I just returned from Dallas, jetting into Ontario CA, after a significant delay at DWA, at 12:00 AM-ish. After bag pick-up and shuttle pick-up, I was in my car and on the way for the thirty-minute drive. When I got home, I collapsed into sleep about 1:30 AM West Coast time.
Nevertheless, I wanted to give a brief report of some positives.
First, congratulations to our own Mirtika Schultz for winning the Genesis Contest. I’d love to tell you more about her piece, but I don’t even remember the title, though it was flashed up on the big screens in the Meriott ballroom along with Mir’s picture. I do know that she’s a talented writer, as evidenced by a number of her short stories published online. Mayhap we can twist her arm into posting a sample of her story here at Spec Faith. You can leave notes for her here or visit her blog (link in the sidebar) and congratulate her there.
The second piece of news is that in the general fiction category of the Book of the Year contest, our own Bryan Davis won second place with Circles of Seven. Interestingly enough, he was beat out by another fantasy writer, Miles Owens, with Daughter of Prophecy. (For a review of DoP, see what I had to say about the book at A Christian Worldview of Fiction). Not a bad accomplishment, having fantasy books win the top two spots.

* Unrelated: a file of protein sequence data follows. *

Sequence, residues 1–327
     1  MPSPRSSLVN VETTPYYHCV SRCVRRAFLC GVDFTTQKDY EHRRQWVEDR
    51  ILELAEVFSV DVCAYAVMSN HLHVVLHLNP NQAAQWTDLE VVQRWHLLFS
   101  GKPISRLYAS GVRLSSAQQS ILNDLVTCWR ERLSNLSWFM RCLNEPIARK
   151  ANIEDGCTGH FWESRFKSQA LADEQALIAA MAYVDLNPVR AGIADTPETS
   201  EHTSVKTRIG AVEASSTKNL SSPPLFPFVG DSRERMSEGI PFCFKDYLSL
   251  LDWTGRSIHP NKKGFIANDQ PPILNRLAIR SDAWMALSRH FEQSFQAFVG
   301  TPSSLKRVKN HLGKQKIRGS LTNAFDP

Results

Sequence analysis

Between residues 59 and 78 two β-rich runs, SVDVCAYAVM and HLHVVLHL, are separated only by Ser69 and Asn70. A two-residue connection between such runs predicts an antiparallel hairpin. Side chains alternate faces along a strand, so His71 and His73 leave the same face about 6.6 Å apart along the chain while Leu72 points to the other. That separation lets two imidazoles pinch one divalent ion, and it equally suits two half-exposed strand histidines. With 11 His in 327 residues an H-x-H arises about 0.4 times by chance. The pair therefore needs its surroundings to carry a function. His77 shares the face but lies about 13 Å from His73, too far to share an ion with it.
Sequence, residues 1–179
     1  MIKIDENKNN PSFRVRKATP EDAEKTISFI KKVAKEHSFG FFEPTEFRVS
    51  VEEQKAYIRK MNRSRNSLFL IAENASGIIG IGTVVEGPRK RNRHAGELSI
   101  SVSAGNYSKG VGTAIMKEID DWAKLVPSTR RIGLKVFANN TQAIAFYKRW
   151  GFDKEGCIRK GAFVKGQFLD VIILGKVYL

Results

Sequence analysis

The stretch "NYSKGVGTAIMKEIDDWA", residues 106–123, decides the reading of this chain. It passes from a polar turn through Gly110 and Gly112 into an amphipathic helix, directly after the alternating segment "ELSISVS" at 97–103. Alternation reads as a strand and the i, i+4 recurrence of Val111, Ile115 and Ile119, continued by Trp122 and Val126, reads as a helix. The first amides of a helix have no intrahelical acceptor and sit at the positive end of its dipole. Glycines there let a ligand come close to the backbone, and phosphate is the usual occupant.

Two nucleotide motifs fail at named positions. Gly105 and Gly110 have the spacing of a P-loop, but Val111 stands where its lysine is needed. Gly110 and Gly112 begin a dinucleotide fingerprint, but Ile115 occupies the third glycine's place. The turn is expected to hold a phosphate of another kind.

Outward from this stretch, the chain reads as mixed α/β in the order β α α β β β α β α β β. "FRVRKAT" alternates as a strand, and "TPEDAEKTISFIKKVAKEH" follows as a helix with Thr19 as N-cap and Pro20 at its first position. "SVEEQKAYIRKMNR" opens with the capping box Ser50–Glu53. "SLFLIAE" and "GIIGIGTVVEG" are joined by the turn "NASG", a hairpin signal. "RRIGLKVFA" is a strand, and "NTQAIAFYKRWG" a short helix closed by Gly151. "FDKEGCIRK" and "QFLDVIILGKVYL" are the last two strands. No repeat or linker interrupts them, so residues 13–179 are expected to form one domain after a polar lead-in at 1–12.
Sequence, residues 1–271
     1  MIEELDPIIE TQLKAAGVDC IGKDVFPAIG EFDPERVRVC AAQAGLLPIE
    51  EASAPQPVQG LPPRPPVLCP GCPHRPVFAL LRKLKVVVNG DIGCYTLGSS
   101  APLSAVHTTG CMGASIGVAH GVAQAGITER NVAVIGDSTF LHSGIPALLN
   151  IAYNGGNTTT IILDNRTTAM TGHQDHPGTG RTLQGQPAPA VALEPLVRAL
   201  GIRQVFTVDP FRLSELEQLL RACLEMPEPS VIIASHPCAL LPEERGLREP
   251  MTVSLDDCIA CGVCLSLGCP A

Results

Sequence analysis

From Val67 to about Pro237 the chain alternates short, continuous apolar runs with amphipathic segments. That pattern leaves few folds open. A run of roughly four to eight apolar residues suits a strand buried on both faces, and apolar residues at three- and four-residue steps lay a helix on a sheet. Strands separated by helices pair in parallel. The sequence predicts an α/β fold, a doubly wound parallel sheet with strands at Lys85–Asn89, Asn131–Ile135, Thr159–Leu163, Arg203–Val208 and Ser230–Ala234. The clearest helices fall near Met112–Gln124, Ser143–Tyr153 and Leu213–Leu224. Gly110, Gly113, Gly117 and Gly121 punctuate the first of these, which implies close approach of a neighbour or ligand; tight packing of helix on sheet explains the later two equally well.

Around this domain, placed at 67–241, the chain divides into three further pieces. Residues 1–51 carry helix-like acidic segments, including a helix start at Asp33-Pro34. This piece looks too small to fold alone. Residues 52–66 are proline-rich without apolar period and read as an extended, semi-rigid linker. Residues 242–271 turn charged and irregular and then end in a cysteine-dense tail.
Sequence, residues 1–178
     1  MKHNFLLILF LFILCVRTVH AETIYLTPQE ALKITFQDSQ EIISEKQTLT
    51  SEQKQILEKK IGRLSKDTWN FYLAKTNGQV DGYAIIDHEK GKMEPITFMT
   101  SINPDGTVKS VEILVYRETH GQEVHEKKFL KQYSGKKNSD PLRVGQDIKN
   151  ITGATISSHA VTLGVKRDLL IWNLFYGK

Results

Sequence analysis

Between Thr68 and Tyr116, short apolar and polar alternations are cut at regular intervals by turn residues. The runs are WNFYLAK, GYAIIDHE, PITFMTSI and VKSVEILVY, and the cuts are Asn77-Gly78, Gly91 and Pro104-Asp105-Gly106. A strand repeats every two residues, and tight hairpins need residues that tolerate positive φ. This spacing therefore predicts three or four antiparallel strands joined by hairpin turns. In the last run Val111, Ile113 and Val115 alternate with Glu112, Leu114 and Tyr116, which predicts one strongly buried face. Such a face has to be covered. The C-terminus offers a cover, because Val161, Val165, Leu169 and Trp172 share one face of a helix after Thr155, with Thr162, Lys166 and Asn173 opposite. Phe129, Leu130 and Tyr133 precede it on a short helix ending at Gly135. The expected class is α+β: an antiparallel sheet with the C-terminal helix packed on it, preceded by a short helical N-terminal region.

More good news. We had a wonderful Sci-Fi Fantasy authors get-together Thursday night (special thanks to Shannon McNear—see her link in the sidebar—for setting that up) with over 20 writers showing up strictly on word of mouth, since we didn’t have an official “chat” scheduled. Among those in attendance were John Olson (co-author of Oxygen, Bethany), who later taught a seminar on Sci Fi and Fantasy (with as many as fifty writers in attendance), Bryan Davis (Dragons in Our Midst), and T. L. (Tracy) Higley (Marduk’s Tablet, Barbour).
Last add, since this is turning into a longer post than I intended: Zondervan has hired a new editor, Andy Meisenheimer, who does not hide his own love of fantasy. He and some of the other younger members of the editorial community who also personally like fantasy serve as examples of one of the things I believe and have mentioned in my “Fantasy and a Christian Worldview” series: the twenty-something readers (and to a lesser extent the thirty-something readers) are hungry for SFF, and Christians are hungry for CSFF. In my opinion, this trend will only increase since a good many of these readers cut their reading teeth on Harry Potter.
Are editors actively seeking CSFF? Not yet. But I can’t help but think the trend is about to reverse.